The marketing department must be closely integrated with the CRM system for a business to grow. If marketing automation is part of the equation, companies must invest in effective technology to make integration as quick and easy as possible. Continue Reading
Not a tech-savvy person? Don't worry; there are tips and resources that can bolster your developer skills to get the most out of your CRM. A Salesforce expert highlights some training modules, webinars and videos for non-techies to gain the knowledge they need. Continue Reading
CRM systems can enable businesses to learn from past interactions with customers and boost sales. It's time to rethink "customer lifecycle management" and focus on retargeting marketing and sales efforts using your CRM system. Continue Reading
When companies collect data from social media and mobile devices, they need to ask themselves how they will use it and what they need it for. As companies aggregate this data, often without customers' consent or knowledge, both sides must consider the privacy concerns that are inherent to this practice. Continue Reading
Knowing what customer data to collect, how to collect it and what to do with it are important to CRM. Poor data quality can also diminish potential revenue and hamper service offerings. Companies must think about these issues carefully before customer data is collected, analyzed and acted on. Continue Reading
Instead of conducting a traditional sales process, collaboration software provider Atlassian builds self-service into its product to help customers make purchases on their own. The company is focused on developing its product and making it easier for customers to use, a different approach that could support the future of B2B IT purchasing. Continue Reading
3Running a CRM system-
Business leaders need to possess vision, patience and expertise in their fields. Those qualities are essential to running a CRM project and ensuring its long-term success, but they aren't learned overnight. Before embarking on a new project, learn from people who have used their skills to get the most out of their CRM systems and get a leg up on next-level CRM leadership.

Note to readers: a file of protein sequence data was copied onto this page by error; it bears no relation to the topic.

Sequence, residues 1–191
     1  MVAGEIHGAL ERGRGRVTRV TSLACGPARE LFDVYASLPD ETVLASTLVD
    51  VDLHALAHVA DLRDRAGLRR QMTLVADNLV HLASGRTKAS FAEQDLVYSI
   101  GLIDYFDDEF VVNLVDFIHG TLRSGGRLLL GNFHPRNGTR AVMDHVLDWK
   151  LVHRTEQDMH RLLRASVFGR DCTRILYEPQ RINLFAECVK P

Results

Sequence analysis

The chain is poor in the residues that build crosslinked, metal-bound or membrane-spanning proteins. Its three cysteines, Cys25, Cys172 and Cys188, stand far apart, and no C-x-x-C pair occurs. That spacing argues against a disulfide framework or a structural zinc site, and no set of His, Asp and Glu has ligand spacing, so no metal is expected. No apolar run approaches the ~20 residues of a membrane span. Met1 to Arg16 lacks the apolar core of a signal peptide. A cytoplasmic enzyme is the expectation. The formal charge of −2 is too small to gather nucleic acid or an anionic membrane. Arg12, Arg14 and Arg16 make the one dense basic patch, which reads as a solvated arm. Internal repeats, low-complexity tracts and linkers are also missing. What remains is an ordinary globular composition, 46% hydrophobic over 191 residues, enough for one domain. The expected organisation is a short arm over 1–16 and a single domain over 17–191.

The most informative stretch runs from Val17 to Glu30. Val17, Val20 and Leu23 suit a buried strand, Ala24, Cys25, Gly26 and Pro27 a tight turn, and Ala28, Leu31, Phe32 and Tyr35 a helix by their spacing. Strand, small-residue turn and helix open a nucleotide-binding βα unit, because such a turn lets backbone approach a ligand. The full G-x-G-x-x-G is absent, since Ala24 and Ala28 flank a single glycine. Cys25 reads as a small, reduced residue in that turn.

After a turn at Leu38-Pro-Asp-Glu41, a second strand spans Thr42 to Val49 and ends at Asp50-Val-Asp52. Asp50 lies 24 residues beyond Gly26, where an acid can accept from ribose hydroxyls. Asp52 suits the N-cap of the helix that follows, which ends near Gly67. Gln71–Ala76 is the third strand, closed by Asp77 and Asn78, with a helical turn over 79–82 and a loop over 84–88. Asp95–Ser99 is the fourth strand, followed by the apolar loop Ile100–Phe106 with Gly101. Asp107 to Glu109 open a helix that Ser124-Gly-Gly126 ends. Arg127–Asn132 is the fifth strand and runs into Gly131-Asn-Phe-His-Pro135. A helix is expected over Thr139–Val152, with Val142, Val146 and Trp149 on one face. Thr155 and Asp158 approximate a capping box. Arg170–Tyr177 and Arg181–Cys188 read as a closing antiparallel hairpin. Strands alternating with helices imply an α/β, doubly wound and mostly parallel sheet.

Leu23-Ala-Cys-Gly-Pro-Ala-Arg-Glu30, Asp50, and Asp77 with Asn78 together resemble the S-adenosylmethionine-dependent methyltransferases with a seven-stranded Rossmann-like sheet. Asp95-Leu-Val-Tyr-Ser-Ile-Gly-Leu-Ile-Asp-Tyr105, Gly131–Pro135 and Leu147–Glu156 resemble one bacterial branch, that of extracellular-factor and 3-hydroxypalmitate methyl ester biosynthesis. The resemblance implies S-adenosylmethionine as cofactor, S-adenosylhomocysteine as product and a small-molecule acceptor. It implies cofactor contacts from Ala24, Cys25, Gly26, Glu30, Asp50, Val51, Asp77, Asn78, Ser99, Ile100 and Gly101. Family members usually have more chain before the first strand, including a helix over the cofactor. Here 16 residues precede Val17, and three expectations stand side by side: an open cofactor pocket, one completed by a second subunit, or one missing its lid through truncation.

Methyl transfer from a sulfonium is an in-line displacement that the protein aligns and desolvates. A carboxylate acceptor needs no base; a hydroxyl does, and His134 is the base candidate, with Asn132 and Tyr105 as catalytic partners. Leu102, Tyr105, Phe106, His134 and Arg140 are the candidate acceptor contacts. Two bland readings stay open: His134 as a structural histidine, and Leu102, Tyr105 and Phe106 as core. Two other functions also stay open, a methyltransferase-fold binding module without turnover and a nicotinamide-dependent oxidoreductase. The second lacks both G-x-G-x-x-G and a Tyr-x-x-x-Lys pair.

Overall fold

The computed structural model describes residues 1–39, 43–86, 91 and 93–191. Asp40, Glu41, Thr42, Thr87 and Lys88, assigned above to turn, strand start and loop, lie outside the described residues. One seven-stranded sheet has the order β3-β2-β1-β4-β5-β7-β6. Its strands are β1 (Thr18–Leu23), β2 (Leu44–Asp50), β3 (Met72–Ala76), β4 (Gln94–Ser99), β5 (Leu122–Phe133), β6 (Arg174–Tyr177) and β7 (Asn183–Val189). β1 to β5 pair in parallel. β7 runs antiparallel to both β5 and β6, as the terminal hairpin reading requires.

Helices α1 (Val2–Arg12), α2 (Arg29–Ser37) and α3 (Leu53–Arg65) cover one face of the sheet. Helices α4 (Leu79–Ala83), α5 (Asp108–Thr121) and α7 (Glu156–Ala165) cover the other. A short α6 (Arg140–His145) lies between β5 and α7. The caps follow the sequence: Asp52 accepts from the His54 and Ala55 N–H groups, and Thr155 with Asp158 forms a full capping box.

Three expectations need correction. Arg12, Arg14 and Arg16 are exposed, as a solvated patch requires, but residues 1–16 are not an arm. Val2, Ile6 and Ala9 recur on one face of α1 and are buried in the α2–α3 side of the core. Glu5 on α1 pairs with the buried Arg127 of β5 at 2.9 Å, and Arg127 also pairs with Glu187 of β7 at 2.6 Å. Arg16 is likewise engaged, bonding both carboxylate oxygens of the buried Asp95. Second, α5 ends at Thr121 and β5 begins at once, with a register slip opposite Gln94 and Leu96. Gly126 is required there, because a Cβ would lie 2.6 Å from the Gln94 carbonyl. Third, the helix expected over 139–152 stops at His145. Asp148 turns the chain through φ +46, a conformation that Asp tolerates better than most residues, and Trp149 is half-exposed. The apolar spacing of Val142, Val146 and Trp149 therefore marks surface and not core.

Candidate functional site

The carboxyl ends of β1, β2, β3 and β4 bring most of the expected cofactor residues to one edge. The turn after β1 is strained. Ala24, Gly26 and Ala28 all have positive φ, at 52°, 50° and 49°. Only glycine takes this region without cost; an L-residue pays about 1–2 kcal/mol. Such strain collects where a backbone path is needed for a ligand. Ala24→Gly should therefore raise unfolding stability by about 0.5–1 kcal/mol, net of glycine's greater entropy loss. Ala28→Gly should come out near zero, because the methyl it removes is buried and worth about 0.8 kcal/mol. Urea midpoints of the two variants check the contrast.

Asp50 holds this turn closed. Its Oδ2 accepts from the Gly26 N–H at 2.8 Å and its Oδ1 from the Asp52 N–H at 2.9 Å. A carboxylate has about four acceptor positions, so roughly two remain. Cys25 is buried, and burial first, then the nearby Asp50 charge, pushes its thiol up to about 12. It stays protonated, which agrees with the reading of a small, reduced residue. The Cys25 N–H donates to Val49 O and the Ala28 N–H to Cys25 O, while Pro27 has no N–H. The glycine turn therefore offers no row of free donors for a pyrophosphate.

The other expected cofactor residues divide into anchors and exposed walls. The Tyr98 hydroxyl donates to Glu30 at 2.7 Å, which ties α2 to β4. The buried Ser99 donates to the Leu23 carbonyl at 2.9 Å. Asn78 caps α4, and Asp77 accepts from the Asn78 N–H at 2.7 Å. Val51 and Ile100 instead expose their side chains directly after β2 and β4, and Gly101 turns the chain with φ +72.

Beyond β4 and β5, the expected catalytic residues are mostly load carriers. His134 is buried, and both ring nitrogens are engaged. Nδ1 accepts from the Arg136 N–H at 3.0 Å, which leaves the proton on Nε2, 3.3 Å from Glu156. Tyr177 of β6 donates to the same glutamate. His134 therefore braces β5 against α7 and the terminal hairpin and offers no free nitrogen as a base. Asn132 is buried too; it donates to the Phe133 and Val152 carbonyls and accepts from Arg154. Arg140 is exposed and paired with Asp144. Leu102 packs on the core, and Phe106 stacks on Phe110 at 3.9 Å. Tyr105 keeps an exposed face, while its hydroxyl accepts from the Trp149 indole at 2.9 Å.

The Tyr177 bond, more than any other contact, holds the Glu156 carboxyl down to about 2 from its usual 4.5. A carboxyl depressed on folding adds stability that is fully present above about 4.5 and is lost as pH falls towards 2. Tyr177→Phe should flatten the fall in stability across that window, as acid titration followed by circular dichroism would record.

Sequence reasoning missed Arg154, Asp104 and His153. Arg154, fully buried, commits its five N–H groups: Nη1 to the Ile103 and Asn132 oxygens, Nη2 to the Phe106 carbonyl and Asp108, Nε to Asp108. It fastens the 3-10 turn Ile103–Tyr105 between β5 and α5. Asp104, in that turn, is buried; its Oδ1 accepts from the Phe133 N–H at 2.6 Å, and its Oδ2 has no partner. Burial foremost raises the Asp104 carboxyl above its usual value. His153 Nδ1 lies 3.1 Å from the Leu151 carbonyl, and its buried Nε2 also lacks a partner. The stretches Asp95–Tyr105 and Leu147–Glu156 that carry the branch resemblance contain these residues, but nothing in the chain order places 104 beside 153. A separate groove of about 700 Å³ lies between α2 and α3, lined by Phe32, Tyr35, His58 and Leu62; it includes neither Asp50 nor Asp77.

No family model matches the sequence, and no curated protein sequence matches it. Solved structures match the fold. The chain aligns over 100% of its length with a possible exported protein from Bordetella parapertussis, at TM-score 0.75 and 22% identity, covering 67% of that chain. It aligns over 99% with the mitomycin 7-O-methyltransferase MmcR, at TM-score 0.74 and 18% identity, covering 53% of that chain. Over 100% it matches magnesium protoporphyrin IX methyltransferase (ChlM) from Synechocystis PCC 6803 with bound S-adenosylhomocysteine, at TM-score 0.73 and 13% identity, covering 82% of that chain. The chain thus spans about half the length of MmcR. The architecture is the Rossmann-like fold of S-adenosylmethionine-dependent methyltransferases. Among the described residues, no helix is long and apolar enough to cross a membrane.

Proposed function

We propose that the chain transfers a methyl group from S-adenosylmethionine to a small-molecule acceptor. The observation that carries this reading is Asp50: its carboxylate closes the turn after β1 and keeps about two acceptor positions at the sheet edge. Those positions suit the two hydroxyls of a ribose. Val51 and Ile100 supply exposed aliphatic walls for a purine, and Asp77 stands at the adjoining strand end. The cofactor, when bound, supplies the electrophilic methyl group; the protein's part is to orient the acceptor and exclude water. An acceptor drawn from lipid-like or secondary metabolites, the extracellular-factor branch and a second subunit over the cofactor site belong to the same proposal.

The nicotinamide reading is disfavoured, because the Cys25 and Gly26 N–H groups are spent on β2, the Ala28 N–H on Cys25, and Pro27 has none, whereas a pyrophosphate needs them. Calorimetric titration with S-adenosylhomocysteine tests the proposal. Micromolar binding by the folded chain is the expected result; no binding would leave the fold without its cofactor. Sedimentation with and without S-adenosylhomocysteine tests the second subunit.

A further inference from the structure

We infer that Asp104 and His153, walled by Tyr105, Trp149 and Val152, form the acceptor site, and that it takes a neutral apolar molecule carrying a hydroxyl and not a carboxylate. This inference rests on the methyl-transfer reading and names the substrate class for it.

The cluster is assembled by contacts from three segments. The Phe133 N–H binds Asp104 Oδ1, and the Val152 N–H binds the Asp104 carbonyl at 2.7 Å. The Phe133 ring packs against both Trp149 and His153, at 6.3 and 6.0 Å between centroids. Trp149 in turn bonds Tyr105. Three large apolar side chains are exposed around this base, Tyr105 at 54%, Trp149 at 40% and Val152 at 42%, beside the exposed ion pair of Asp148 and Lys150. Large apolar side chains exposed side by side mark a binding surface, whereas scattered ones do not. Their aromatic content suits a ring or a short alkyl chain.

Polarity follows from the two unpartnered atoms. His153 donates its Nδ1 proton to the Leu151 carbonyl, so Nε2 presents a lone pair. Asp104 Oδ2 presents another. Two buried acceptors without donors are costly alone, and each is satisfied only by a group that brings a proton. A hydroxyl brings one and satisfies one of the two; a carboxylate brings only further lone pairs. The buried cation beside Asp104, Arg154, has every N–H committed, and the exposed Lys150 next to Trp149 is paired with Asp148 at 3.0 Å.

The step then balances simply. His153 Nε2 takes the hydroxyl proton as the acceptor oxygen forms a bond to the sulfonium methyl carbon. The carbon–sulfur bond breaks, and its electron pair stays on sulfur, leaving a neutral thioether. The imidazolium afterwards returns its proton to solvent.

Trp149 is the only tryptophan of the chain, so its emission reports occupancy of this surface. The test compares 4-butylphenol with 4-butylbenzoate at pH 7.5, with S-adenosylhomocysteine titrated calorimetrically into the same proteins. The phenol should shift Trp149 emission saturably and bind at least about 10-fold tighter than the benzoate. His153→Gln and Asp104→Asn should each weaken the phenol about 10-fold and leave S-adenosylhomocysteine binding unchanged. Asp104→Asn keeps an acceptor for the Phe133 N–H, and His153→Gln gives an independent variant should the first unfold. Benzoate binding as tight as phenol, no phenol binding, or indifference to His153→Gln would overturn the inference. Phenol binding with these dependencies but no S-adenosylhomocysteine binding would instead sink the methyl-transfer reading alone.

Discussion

As a leader who understands the business challenges of planning for IT projects, Celso Mello, CIO of a Canadian home heating and cooling provider, constantly looks for ways to implement the best technology in the most cost-effective way. "Technology only makes sense if it improves things for customers, shareholders and employees," he says. Continue Reading
For Russ Hearl, jumping into the trenches with his sales team has been the secret sauce to success. The sales leader at DoubleDutch created a separate research unit to support his salespeople and feed them good leads. He's an evangelist for an assembly line-inspired approach to sales. Continue Reading
In an era where information on products is freely available on the Web, technology buyers can choose to never interact with a salesperson. Sales teams must become consultative to add value in this environment. HubSpot's Mark Roberge shares his data-driven approach to hiring and training. Continue Reading
Mergers and acquisitions are typically the domain of business-line executives. But technologists must seize the opportunity to work more closely with their counterparts and make sure that they understand the potential changes to IT infrastructure, costs, staffing and other areas. Continue Reading